Deep-rooted caste divisions still play a decisive role in electoral politics in India. It is not the LARGEST DEMOCRACY? IT IS CASTOCRACY. India is a web of sub-castes, each competing against the other for the limited political space dominated by the privileged in the hierarchy. Backward Classes have now branched into Extremely Backward Classes or Most Backward Classes. A section of Dalits identify themselves as Mahadalits in UP and Bihar. Even Muslim politics in the state of Bihar saw division along the lines of Ashraf and Pasmanda castes. Caste has remained an integral part of Karnataka politics from the early 19th century due to the impact of Leslie Miller report, and census reports till 1931 that listed populations along caste lines, says political analyst Muzaffar Assadi.
"Sub-castes provide more potent leadership of smaller groups and bargaining power. Helping in the evolution of chhuthbhaiya netas or small-time leaders, capable of providing 500 to 5,000 votes, which is crucial. These leaders switch sides every five years or so. The outcome of the Uttar Pradesh polls, particularly in eastern UP, may be a result of a political group that is able to win over or retain sub-caste support," says Rasheed Kidwai, a political analyst.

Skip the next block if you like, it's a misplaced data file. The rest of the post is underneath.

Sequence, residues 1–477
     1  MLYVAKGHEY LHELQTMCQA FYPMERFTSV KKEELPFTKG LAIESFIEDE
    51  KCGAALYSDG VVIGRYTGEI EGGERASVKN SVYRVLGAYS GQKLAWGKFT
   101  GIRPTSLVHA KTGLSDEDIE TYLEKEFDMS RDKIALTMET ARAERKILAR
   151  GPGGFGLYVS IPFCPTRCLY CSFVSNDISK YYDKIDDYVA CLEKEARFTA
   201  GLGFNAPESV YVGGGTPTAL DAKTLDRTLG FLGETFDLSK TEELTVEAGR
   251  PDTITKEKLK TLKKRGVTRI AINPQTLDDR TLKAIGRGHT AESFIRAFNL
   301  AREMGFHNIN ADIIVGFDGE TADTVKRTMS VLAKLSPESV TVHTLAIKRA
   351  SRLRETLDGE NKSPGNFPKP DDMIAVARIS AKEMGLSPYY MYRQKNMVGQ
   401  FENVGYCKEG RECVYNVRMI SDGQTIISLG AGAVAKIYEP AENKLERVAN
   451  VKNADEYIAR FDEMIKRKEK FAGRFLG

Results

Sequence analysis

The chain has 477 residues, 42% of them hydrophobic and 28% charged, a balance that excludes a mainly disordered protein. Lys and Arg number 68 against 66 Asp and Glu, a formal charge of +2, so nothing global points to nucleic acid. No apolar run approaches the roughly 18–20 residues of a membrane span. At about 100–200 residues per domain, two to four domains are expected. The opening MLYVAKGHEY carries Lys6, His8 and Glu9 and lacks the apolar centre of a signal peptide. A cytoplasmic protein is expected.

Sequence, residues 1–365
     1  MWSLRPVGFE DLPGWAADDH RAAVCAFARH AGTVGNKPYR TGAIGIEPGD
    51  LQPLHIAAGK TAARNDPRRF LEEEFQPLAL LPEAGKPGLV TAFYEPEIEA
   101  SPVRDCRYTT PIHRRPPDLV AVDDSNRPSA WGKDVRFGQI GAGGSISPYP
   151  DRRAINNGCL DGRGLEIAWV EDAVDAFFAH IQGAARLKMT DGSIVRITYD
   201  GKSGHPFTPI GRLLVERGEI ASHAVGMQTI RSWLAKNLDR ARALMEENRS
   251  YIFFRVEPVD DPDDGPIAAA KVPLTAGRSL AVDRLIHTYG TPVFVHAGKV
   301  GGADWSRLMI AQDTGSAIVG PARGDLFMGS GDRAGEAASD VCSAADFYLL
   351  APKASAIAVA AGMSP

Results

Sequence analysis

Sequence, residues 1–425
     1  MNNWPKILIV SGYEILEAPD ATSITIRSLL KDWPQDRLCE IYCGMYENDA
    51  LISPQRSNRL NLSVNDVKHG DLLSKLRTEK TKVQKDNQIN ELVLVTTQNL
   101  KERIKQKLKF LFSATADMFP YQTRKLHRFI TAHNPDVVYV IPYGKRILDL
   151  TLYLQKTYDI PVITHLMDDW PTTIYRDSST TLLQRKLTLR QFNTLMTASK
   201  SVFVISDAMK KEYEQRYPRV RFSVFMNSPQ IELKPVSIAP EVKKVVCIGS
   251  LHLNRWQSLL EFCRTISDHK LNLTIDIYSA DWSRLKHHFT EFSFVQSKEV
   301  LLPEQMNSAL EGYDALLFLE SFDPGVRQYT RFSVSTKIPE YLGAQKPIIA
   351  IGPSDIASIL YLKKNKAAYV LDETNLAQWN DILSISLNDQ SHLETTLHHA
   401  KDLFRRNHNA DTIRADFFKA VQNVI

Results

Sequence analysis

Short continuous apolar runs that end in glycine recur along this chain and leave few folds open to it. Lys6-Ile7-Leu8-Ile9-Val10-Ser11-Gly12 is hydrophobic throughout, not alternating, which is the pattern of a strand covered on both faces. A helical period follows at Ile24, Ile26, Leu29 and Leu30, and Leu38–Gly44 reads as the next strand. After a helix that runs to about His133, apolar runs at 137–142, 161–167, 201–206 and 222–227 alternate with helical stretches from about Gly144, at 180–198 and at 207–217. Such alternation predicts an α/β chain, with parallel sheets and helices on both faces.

“Cast your vote or vote for your caste? In the uncertain world of politics in Uttar Pradesh, caste provides a comfort zone for an electorate that is tired of experimenting or looking for elusive ‘vikas’. When ideological lines are blurred, caste acts as a catalyst,” says Rasheed Kidwai, a political analyst.